Malcolm Young, in the Fall 2008 issue of Drug Discovery World wrote the following:
The success rate of this heuristic approach [to drug development] is very low. For example, the average probability that a candidate emerging from lead optimisation will not make it to be a drug is above 99.8% (European Commission 2008) . . . Hence, a very great deal turns on whether one can in fact predict accurately what the efficacy, safety and deliverability issues of a candidate molecule are – before undertaking expensive testing. Prediction accuracy is now seen by many as the central issue in the research-intensive side of the industry. ‘Predictive de-risking’ has become a sort of Excalibur, mythical, but pretty usefully sharp if found.
It is evident from current attrition rates that the processes implemented in the recent past, and in the present if they differ little from what has been traditionally employed, are not sufficiently accurately predictive to yield the required productivity across the industry. This can be a little dissonant for those used to drawing together extensive preclinical packages for IND submissions, but, in the average, the PK, tox, in vitro and in vivo studies required for an IND plainly do not predict efficacy, safety and deliverability in human patients even nearly well enough. Some of the elements of a full picture of the Signal Detection Theory performance of preclinical packages for new molecules, such as correct identification rate and false positive rate, can be estimated, but correct rejections are presumably hidden among the cases that did not in fact gain IND status, and it is anyone’s guess how many incorrect rejections (misses) there have been in which, for example, a candidate would have worked very beneficially in humans – if only we’d known – but was unfortunately not beneficial to mice.
Predictability starts to be an issue at the very start of a discovery programme. Selection of a protein target is often based on evidence that the specific protein is significant in a pathway relevant to the disease of interest, this evidence perhaps being in the form of a knock-out showing an effect in changing cell physiology, and on evidence that the protein target’s function can be affected by the binding of a drug molecule to it. This approach is very deeply ingrained in the current intellectual furniture in discovery, and is characterised as the basis for ‘rational drug discovery’. Iconoclasts, however, are sometimes disposed to cast core beliefs in science as scientific claims, the better to examine their plausibility. In this case, the targetbased approach essentially makes the scientific claim that (for example) ‘inhibiting this one protein will make the patient better’. Probably there are some diseases in which this claim can seem plausible, but for most diseases, especially the complex diseases that reflect those for which we now need new and effective medicines, it is akin to suggesting that one will fix an ailing economy by deleting one company, or that one will disable the enemy’s command and control network by sniping one ill-fated radio operator. (Young 2008)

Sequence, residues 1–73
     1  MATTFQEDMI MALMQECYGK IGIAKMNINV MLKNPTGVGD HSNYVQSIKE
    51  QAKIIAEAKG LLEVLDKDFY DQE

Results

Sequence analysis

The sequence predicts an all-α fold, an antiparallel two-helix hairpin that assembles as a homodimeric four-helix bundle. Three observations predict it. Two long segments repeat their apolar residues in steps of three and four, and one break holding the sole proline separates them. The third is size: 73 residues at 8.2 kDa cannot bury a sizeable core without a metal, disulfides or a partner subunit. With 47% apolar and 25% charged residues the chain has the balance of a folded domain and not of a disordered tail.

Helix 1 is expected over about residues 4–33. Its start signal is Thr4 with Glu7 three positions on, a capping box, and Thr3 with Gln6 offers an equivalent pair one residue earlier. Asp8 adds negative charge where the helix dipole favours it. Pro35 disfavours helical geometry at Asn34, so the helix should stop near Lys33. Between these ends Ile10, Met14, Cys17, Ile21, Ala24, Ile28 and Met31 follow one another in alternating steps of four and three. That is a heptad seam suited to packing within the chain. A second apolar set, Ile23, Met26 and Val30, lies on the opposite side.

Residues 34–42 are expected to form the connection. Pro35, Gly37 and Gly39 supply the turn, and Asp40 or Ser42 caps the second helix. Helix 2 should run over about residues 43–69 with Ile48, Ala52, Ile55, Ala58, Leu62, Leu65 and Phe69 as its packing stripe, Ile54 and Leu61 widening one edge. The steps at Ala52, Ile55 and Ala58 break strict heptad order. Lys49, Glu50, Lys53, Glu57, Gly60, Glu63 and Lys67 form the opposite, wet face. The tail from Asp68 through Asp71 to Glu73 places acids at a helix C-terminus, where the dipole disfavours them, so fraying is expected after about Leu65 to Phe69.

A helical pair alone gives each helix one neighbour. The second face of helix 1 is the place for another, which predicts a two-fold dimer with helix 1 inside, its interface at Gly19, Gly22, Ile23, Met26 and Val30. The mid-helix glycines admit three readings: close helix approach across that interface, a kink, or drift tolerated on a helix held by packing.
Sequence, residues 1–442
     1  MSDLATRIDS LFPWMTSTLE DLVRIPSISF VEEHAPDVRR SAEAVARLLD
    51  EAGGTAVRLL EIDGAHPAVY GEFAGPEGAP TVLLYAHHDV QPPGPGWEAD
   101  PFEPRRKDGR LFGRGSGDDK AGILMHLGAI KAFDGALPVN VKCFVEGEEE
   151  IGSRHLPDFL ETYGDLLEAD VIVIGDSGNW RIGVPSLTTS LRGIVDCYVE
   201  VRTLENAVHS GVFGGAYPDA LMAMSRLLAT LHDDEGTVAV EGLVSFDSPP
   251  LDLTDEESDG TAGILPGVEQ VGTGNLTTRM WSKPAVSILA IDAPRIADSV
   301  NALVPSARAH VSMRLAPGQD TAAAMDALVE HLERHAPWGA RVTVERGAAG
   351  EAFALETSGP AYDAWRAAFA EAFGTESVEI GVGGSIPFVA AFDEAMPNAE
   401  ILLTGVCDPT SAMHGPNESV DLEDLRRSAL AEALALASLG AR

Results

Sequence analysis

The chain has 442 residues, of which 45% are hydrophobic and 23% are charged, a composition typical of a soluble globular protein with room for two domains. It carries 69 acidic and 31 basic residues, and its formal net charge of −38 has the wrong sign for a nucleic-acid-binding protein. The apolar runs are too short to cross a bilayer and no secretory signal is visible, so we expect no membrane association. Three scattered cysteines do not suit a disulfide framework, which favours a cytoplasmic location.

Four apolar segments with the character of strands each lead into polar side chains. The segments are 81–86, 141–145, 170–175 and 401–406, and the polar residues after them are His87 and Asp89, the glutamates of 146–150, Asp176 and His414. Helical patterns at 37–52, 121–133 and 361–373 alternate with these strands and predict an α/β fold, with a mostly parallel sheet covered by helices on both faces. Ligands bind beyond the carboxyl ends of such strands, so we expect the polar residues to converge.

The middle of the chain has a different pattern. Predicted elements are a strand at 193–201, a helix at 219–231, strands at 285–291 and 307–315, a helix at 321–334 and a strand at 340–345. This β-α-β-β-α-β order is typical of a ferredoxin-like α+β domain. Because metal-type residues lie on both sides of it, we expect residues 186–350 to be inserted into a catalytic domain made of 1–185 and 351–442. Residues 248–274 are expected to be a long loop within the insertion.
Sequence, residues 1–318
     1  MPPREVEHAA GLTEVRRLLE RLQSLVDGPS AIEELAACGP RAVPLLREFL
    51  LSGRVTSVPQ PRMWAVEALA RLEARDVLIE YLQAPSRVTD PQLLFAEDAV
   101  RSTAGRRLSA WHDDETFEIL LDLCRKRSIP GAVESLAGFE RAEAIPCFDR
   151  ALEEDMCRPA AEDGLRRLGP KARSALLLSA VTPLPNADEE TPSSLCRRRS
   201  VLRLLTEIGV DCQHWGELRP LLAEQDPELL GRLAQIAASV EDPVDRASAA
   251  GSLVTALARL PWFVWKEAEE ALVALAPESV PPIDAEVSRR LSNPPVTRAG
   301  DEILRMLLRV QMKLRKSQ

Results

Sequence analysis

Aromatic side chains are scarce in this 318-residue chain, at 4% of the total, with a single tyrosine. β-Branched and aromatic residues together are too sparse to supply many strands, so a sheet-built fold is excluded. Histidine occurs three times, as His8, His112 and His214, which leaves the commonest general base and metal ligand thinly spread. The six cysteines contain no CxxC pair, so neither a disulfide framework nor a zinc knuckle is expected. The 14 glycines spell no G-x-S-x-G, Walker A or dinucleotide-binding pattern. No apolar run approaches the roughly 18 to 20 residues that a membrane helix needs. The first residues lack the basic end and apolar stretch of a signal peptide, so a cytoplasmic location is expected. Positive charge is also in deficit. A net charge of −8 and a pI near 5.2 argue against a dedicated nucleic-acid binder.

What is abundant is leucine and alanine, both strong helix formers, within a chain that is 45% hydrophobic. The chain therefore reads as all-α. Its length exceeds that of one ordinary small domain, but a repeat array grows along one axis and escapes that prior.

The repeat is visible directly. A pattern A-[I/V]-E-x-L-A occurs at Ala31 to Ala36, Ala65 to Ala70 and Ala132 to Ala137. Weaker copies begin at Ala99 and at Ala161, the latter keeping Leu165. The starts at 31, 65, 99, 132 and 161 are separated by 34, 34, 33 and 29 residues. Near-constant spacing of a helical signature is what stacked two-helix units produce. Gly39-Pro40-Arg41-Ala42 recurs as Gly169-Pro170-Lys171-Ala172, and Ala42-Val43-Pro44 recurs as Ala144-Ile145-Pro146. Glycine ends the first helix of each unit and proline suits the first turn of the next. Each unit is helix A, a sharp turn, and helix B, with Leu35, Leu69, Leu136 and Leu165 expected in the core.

For the full article, click here.
According to Drug Discovery World:
Professor Malcolm Young is one of the UK’s leading scientists in informatics. He has recently held a number of senior academic positions, including Director of the Complex Systems Group and Pro- Vice Chancellor for Strategic Development at Newcastle University, following a Royal Society Research Fellowship at the RIKEN Institute in Japan, and at Oxford University. Malcolm’s research experience and interest lies in complex systems analysis and informatics, and his main goals are to understand how biological function arises from structural aspects of complex biological systems . . . Malcolm is one of 18 scientists worldwide nominated by The Sunday Times as the ‘Brains behind the 21st Century’.
I have no idea what Professor Young’s views are on using animals in research in general but I think the above speaks for itself.
European Commission. 2008. Innovative Medicines Initiative: better tools for better medicines. Luxembourg.
Young, Malcolm. 2008. Prediction v Attrition Drug Discovery World (Fall):9-12.